Germany’s ‘secret capital’ – and the actual capital of Bavaria – boasts a contrary combination of high and hip culture, cosmopolitan style and folkloric charm, with shops to rival Paris and Milan, some of the world’s best galleries, museums and sporting arenas, and a raucous traditional beer hall for every decorative church.
Nestling at the foot of the alps on the River Isar, it originated around 1158 when a bunch of monks built an abbey there, and is now home to 1.3 million inhabitants – as well as BMW, the world-famous Olympiapark (which might win the Winter Olympics in 2018), a burgeoning media scene and it’s own beer festival, Oktoberfest. Not forgetting, of course, the ubiquitous Weisswurs (white sausage) and giant pretzels…
5 PLACES TO VISIT
Englischer Garten (Giselastraßse)
Five square kilometres of urban parkland (that’s bigger even than Central Park) which is home to famous classical buskers, an artificial ‘permanent wave’ where surfers entertain the crowds on even the coldest days, and three beer gardens.
Bavaria-Filmstadt (Bavariafilmplatz 7)
Over 850 acres of cinema history (Welles and Hitchcock both worked here) including the set of Cabaret, characters from ET and the submarine from Das Boot.
Alte Pinakothek (Barer Straße 27)
One of the world’s most famous art galleries, packed with old European masters.
Residenz (Max-Joseph-Platz 3)
Five centuries’ worth of Bavarian kings lived in this sprawling palace, where you can visit the treasure house, the celebrated Rococco Cuvilliés-Theater, the medieval wall paintings of the Five Halls of the Nibelungs, and a grotto lined with crystal.
Munich’s central space, with its two town halls and historic Marian Column, is a great place to get your bearings. Get there for 11am to see (and hear) the Glockenspiel, whose 32 life-sized wooden figures dance the ritual ‘Schalffertanz’, once performed by barrel-makers to mark the end of the Plague.
5 FAMOUS BAVARIANS
The most celebrated German footballer in history and current outspoken member of FIFA’s exec committee was born in Munich.
The racing driver and Red Bull DTM team member was born in the Bavarian town of Rosenheim.
The film director of Bad Lieutenant, Grizzly Man and Fitzcarraldo fame was born in Munich and once made a three-week journey from there to Paris on foot (documented in his 1978 diary Of Walking In Ice).
The American jeans manufacturer was actually a Bavarian immigrant who sailed to the US in 1847 and is still commemorated by a museum in Buttenheim.
The car manufacturer has given Munich much of its prosperity, as well as one of its most distinctive landmarks: look out for the four-towering cylinders of the Headquarters building, designed to look like an engine.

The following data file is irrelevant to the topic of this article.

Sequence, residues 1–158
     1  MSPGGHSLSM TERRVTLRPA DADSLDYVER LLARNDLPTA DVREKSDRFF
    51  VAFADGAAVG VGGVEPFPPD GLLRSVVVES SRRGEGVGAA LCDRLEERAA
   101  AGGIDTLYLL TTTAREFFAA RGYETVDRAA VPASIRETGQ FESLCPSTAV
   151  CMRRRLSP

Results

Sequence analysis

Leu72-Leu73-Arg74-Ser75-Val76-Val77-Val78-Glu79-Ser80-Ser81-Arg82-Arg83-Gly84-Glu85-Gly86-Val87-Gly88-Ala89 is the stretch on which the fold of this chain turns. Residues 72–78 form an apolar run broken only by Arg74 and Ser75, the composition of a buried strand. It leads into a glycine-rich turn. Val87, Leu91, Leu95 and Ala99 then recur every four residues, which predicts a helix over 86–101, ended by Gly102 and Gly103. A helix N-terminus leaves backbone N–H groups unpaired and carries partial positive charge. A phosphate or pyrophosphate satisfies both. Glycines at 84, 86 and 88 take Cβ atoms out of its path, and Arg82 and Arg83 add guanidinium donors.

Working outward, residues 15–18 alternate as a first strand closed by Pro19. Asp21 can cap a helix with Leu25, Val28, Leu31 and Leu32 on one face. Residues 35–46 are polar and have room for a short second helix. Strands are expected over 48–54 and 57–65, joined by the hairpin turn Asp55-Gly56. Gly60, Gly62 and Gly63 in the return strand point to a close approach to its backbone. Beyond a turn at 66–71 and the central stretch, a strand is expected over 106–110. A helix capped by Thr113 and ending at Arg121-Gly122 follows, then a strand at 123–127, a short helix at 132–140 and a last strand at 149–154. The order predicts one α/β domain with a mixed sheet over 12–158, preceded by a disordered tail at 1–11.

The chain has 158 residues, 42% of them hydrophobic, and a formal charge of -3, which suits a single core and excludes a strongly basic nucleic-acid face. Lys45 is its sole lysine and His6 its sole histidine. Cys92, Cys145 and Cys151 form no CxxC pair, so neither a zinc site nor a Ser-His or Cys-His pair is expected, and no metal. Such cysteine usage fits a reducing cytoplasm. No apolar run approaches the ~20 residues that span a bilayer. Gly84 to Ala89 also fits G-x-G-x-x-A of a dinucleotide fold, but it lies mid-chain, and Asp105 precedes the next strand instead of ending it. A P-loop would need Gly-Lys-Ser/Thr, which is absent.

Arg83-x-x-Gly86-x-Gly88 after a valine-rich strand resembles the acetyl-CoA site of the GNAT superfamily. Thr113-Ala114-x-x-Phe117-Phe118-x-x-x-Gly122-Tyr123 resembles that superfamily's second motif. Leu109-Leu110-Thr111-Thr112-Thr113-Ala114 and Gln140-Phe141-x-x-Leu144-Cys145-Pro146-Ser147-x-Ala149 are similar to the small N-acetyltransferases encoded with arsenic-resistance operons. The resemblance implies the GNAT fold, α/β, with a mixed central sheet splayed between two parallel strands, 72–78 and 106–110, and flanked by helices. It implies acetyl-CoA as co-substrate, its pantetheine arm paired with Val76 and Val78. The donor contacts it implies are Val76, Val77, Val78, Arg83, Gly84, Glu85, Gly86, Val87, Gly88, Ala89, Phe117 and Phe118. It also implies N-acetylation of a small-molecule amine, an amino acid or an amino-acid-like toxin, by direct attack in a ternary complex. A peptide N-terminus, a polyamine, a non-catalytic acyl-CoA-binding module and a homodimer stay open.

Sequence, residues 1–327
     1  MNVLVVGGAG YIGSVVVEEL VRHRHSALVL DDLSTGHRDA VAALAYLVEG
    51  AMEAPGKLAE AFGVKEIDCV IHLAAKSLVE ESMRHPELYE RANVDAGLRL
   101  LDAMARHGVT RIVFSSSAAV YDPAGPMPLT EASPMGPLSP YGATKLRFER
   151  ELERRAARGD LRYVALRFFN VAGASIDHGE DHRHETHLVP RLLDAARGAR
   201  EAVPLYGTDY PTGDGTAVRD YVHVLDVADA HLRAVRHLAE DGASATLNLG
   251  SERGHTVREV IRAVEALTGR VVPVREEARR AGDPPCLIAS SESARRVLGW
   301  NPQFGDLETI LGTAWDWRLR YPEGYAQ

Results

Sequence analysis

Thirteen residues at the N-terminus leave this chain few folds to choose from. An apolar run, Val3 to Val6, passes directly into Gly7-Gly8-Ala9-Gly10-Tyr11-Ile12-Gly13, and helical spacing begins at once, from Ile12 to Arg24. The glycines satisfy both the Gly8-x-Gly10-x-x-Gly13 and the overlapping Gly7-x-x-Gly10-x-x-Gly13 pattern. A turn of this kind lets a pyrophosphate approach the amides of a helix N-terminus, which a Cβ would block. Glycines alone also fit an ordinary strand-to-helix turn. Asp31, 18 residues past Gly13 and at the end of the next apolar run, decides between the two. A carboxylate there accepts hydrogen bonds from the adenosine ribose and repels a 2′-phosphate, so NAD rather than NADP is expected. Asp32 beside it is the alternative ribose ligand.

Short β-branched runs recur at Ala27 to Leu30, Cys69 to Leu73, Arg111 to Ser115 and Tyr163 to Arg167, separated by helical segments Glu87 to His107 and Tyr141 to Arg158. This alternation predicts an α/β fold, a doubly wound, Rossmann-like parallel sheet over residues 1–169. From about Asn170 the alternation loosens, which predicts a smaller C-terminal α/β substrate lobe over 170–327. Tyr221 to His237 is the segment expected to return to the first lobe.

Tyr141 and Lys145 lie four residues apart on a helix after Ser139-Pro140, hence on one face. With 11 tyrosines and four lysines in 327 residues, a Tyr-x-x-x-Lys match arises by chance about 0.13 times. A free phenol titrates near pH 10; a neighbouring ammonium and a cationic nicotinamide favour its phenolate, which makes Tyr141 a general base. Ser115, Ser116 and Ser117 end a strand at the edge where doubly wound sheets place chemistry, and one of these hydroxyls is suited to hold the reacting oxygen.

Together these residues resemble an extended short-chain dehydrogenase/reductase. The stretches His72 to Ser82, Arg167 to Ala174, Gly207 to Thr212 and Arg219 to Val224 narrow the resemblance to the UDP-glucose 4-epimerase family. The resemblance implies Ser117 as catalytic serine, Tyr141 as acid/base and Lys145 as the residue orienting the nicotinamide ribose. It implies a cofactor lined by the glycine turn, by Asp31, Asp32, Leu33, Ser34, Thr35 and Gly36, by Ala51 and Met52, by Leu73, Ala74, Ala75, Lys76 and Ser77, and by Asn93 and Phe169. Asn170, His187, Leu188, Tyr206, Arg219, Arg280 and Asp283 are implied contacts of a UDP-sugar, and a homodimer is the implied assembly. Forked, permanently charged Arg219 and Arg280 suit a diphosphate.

5 BEST BANDS
Munich’s biggest musical success story of the last 10 years, these indie rockers penned the 2006 German World Cup theme, 54, 74, 90, 2006. What do you mean you don’t know it?!
Germany’s answer to the Sex Pistols, who recorded their first single in 1977 in a former WWII bunker.
Santeria and the Porn Horns
Twelve-piece famous in Bavaria for their blend of ska, dub and punk-pop and spontaneous stage antics.
Politically-charged hip-hop quintet (four MCs, one DJ) with a great live rep who will be playing live at the Olympiapark.
Two Japanese ukulele players playing tweely tropical takes on international numbers, including the odd Bavarian folk song.
5 BEST CLUBS
An alternative music club, live venue and beer garden all in one.
Atomic Café (Neuturmstraße 5)
Join the retro scenesters dancing to Hendrix, The Smiths or one of the regular hip live acts.
Muffathalle (Zellstr 4)
Former art nouveau-style power station right by the Isar River, now a massive, esoteric venue popular with hip-hop fans.
P1 (Prinzregentenstraße 1)
The place to rub shoulders with models and footballers, this Matteo Thun-styled institution boasts video screens, water fountains and door staff rumoured to be so exclusive they once turned away Princess Stephanie of Monaco.
Rote Sonne (Maximiliansplatz 5)
One for lovers of electronica and minimal dance, with international DJs on the weekends.
HOW TO SPEND…
Try a local beer at one of Munich’s famous beer halls. Hofbrähaus is the best known and consequently attracts the most tourists. Opt instead for the much more authentic Augustiner-Grossgaststätte (Neuhauser Strasse 27) for vaulted ceilings, secluded courtyards and stuffed animals aplenty. If you’re peckish, grab a Currywurst – sausage smothered in curry sauce – at Bergwolf, the local’s favourite outlet for their number one fast food (Frauenhoferstr 17).
Visit the Allianz Arena (Werner-Heisenberg-Allee 25). Built for the 2006 World Cup, and set to host the 2012 UEFA Champions League Final, this flashy stadium holds nearly 70,000 and is known for its multi-coloured lighting system – which shines red when Bayern Munich play. For a little over €50 you can catch a Bayern match (they play FC Kaiserslautern on January 22), while €25 will get you on the new 120-minute VIP tour of the stadium, from the coaching dug-out to bubbly in the executive suite.
Its proximity to the Alps and excellent public transport links make Munich the perfect base for a ski trip, so if Red Bull Crashed Ice has sparked your passion for snow sports then take a picturesque train 90km out to Zugspitze, the highest and most avalanche-safe mountain in Bavaria. Less than three hours after setting off, you could be sailing down the 2,100m glacier.